In May 2021, six NGOs called on the Minister of Inclusion, Social Security and Migration to reform the Regulation of the Immigration Law in a way that guarantees adequate protection to all migrants, especially in light of the COVID-19 pandemic, as more than half million persons cannot exercise their right to health due to their impossibility to fulfil administrative requisites, given their lack of valid documents.[11]

Various obstacles were registered regarding access to the vaccination campaign for migrants, generally due to linguistic barriers and lack of access to digital services. Even though the migrant population – comprising also undocumented migrants – was included in the Spanish vaccination strategy, the administration often delegated to NGOs the responsibility in terms of information provision and facilitation in access to the campaign.[12] The NGO APDHA urged the Government of Andalucía to adopt a comprehensive vaccination strategy which includes undocumented migrants, including those persons who do not hold a healthcare card[13]. The call derives from the concern that the public vaccination strategies in Andalucía do not include specific plans to address the specific situation of undocumented migrants living in the Autonomous Community.

In occasion of the World Health Day, the NGO Kifkif called for the right to health of LGTBI+ migrants and asylum seekers to be comprehensive and effective, including the support for mental health issues. The organisation highlights that, during the first quarter of 2021, 56% its beneficiaries indicated that bureaucratic processes and the discrimination impede to receive a quality health assistance.[14]

 

 

 

[1] Article 15 Asylum Regulation.

[2] El País, ‘El Congreso aprueba el decreto para recuperar la sanidad universal’, 6 September 2018, available in Spanish at: https://bit.ly/2Nt140c.

[3] El País, ‘Sanidad quiere prohibir por ley nuevos copagos y asegurar la atención a inmigrantes’, 20 October 2020, available in Spanish at: https://bit.ly/3bhV4Bl.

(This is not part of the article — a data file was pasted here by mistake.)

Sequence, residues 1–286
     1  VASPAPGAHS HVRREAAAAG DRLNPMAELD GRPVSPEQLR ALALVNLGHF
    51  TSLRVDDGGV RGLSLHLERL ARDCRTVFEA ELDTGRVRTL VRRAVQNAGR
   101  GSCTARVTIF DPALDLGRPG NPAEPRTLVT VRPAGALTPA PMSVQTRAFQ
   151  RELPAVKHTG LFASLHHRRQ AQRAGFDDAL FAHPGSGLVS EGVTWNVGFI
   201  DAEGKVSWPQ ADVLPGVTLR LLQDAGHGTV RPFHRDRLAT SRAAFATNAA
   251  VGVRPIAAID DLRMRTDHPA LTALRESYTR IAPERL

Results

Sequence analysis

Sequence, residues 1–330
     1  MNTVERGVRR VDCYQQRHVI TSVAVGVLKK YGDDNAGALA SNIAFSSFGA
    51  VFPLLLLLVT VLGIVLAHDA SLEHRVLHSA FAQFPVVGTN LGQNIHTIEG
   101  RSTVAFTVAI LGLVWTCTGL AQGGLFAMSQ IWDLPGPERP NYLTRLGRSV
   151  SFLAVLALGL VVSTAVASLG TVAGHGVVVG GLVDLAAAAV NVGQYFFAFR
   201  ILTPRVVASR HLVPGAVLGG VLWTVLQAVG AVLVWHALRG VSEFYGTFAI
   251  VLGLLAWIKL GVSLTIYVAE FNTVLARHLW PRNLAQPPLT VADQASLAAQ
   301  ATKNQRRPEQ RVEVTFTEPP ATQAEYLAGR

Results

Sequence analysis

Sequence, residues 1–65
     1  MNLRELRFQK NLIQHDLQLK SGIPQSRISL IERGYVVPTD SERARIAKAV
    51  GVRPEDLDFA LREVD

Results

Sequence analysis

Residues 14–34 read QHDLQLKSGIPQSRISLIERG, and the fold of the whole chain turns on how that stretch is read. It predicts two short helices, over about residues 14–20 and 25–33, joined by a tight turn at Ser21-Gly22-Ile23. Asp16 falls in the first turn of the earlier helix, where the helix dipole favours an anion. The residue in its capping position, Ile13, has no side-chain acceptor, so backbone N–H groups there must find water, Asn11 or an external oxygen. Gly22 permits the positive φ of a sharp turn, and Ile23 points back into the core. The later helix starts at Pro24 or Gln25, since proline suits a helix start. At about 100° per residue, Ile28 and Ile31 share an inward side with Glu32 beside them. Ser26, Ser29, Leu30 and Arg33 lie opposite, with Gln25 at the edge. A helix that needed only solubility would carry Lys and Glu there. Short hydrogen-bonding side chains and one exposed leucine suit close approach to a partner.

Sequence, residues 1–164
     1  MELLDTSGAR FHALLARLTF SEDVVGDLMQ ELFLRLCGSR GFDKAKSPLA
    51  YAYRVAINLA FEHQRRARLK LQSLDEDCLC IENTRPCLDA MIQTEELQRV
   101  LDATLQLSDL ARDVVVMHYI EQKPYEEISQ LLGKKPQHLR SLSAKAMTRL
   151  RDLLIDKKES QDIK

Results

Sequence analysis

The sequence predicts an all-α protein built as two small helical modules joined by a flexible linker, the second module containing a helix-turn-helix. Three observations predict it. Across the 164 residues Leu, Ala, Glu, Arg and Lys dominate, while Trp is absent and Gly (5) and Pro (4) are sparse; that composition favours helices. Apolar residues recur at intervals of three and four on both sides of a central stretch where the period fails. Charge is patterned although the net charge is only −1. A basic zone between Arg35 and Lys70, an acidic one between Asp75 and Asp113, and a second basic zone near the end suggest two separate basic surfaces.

[4] Ministerio de Sanidad, ‘Consulta pública previa sobre el anteproyecto de ley de medidas para la equidad, universalidad y cohesión del sistema nacional de salud’, October 2020, available in Spanish at: https://bit.ly/3dmGUBG.

[5] See the dedicated website at: http://www.accemarbeyal.com/.

[6] Information provided by Federación Red Acoge on 1 March 2022.

[7] Ibidem.

[8] Information provided by Fundación Cruz Blanca on April 2021.

[9] Rele Madrid, ‘Sanitarios de Lavapiés piden más intérpretes para poder atender a la población migrante del barrio’, 26 May 2020, available in Spanish at: https://bit.ly/3c1d0Sy.

[10] Amnistía Internacional España, ‘La otra pandemia. Entre el abandono y el desmantelamiento: el derecho a la salud y la Atención Primaria en España’, February 2021, available in Spanish at: https://bit.ly/3qcdBnT.

[11] Red Acoge, ‘Seis ONG estatales instan a la Secretaría de Estado de Migraciones a reformar el Reglamento de Extranjería para garantizar la protección de las personas migrantes tras la pandemia’, 25 June 2021, available at: https://bit.ly/3NsmHda.

[12] Newtral, ‘¿Sanidad universal? La dificultad de que la vacunación llegue a toda la población inmigrante’, 25 August 2021, available at: https://bit.ly/2X295jb.

[13] Asociación Pro Derechos Humanos de Andalucía – APDHA, ‘Exigimos al Gobierno andaluz una estrategia de vacunación integral que incluya a todas las personas en situación administrativa irregular’, 9 April 2021, available at: https://bit.ly/3FSOsY4.

[14] El Foro de Ceuta, ‘KifKif exige atención sociosanitaria de calidad para las personas migrantes y solicitantes de protección internacional LGBTIQ+’, 7 April 2021, available at: https://bit.ly/34k9Ck6

Table of contents

  • Statistics
  • Overview of the legal framework
  • Overview of the main changes since the previous report update
  • Asylum Procedure
  • Reception Conditions
  • Detention of Asylum Seekers
  • Content of International Protection
  • ANNEX I – Transposition of the CEAS in national legislation